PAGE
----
A Place To Explore

By Kia Brown, TNFP's Community Garden Manager

photo courtesy of Keepsake Portraits by Lisa

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Summer in the garden is one of my favorite times of the year. So many elements in the garden space are in constant motion and work together like a symphony creating the natural rhythms and harmonies of the season. The buzzing of the bees as they visit the summer blossoms, the swish of the cucumber leaves hanging from their trellises as they are caught by the breeze, and on certain days the whispered gasps and exalted exclamations of children can be heard letting me know that summer has arrived.

This summer I was delighted to share my love for summer with children and youth from two partner organizations, Cottage Cove and Youth Life Learning Center. Grade by grade -- kindergarten through 4th grade -- each group began their introduction with tours at the Wedgewood and McGruder gardens.

While walking through the garden we smell and taste  various herbs, fruits, and vegetables, and try to identify familiar crops grown in ways that are unfamiliar to them. Seeing growing carrots for the first time, many students mistook the root vegetable for an herb, but it wasn’t until I brushed away the dirt did they see the beginning of the familiar orange root.  At Wedgewood, the tour must include petting the chickens and braving the bees. At McGruder, we spend time trying to guess the fruits growing in the orchard. Each tour is a sensory experience. After the initial introduction the subsequent garden lessons range from reviewing the categories of crops we eat (fruit, root, and leaves) and in which seasons they grow, discussing flower parts and ending the lesson by planting flowers in take home pots, and creating bird feeders while talking about seed dispersal. My goal for each lesson is to cover all the planned information while still providing time for questions, discussions, and the inevitable tangents that occur when working with children.


Working with youth I am always amazed by the connections their minds make. Once when I was leading the lesson on crop categories, I had asked the students to name a few root vegetables, but they had gotten stalled after naming potatoes and carrots. As a hint, I asked the group “What vegetable makes you cry if you slice it?” Thinking I was going to immediately  hear onions,  I called on the first hand I saw, but the answer that came out instead, loud and proud, was “sushi”. After about 5 minutes of laughter we collected ourselves enough to resume the lesson, but I was still chewing on that answer trying to puzzle it out as we said our goodbyes for the day. Was this just one of those random answers you get from kids or was there a connection I was missing. I thought about it. One of the main things people put on sushi is  green wasabi paste, which comes from the root of the wasabi plant, and if you eat too much it will definitely make you cry, among other things. So, based on his experience the student was correct. Now, to be honest I don’t know if it was my own mind trying to force a connection between sushi and root vegetables or if, for the student, that association was instantaneous. I like to think the latter.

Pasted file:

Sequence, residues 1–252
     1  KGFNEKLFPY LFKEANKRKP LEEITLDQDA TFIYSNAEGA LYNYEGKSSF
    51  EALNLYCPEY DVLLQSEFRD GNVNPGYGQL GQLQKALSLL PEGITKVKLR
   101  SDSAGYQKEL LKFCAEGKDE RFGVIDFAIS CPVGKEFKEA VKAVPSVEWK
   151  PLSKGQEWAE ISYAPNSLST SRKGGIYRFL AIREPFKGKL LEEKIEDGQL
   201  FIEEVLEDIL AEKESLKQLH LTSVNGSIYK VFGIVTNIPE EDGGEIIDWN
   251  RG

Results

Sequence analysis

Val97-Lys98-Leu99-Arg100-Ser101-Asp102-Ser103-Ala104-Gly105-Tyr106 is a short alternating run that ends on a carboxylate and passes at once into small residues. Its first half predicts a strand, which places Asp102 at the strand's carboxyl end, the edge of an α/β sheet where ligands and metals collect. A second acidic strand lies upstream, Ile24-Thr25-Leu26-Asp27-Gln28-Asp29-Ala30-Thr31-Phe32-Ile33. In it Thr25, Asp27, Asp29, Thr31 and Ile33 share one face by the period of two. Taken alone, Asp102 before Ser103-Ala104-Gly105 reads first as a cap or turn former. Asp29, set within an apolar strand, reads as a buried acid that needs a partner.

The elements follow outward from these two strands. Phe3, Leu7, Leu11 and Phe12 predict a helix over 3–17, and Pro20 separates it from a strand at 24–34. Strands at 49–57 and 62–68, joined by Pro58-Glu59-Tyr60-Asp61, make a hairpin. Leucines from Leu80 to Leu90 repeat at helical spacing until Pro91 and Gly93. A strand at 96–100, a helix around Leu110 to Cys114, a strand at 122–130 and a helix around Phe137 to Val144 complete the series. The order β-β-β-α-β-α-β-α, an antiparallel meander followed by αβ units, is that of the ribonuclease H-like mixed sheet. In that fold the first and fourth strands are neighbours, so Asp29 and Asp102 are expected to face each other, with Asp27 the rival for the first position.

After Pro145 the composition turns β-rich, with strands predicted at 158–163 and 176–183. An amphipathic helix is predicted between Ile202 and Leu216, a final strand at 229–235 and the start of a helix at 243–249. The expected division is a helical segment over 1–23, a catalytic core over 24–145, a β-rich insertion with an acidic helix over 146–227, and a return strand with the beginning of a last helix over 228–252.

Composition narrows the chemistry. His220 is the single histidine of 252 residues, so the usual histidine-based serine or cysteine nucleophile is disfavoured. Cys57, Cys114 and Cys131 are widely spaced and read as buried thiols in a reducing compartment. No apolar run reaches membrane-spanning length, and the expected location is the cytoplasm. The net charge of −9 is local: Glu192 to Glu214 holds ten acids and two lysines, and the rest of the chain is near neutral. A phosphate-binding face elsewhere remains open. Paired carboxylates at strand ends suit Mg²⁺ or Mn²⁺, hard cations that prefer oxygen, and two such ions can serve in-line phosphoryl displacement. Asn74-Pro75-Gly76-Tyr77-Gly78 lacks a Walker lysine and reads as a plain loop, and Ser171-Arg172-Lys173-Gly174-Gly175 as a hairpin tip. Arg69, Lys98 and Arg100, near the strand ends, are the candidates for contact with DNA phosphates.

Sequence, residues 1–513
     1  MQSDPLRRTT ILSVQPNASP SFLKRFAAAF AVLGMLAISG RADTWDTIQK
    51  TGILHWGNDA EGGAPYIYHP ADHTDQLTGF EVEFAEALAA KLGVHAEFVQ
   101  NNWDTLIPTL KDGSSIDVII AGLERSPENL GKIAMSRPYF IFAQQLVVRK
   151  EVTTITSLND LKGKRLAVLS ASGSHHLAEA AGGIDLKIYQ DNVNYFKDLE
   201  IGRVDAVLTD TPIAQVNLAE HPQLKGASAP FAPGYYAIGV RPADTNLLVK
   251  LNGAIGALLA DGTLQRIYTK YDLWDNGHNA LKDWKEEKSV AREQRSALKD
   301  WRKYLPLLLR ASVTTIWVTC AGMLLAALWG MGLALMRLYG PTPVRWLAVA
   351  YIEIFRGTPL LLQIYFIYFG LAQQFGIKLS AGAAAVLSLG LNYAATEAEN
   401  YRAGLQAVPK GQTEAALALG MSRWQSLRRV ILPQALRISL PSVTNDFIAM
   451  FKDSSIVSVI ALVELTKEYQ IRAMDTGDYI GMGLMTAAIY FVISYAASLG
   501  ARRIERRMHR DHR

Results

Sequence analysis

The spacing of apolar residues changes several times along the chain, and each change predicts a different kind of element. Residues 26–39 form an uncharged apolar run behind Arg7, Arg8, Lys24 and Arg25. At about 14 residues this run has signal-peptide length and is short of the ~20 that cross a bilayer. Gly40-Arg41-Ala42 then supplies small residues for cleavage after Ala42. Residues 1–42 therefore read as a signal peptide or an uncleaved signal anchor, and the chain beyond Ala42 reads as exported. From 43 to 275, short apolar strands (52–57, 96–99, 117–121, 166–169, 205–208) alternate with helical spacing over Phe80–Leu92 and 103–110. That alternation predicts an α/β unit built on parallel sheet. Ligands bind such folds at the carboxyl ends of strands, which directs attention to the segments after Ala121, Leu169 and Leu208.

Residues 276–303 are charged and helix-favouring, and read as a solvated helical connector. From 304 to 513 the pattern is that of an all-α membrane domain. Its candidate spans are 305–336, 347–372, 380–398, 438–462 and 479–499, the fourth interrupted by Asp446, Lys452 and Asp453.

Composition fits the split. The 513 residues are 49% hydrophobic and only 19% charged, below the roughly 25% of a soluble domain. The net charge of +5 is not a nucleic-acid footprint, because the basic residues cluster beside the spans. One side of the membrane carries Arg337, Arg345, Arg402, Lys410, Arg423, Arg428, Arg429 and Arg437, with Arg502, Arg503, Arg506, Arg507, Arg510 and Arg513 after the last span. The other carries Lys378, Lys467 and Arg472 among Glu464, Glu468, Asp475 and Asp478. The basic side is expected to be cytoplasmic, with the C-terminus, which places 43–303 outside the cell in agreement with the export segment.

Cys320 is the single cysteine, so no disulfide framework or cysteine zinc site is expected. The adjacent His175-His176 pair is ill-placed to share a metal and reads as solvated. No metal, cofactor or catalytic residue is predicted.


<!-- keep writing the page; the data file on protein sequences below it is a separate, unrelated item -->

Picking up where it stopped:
I describe leading kids through the garden as organized chaos at best, but there are a couple of rules each student knows to follow when they step in the garden. The first occurs during the lesson. If there is something that I am passing out to be eaten it must be tasted. Many kids tell me they are “allergic” to the color green and will immediately say no thanks. I even get a skeptical look from some when I pass out cherry tomatoes, but as soon as they take a bite their eyes pop and most ask for more. So we have an agreement that anything passed out must be tried because they will never know if they like something, if they don’t try it first.

photo courtesy of Keepsake Portraits by Lisa

The second rule comes at the end of each lesson. We gather around the sorrel plants (or 'sour leaf plant', as the kids call it), to review what they learned that day. Each student says something about the day’s lesson without repeating something previously stated, and they are rewarded with a leaf that tastes like the skin of a green apple. By using this method of reflection I have learned that chickens will always be a popular subject while, for the children, the joys and intricacies of compost aren’t nearly as interesting. If a student is struggling to come up with a fact for the day, they are allowed to ask a friend for help and I try to provide a better hint than the one I used for onions. That way each student can walk away knowing two things: That the garden is a place where people and the earth work together harmoniously, each needing each other to thrive, and that the garden also provides tasty treats if you know where to find them.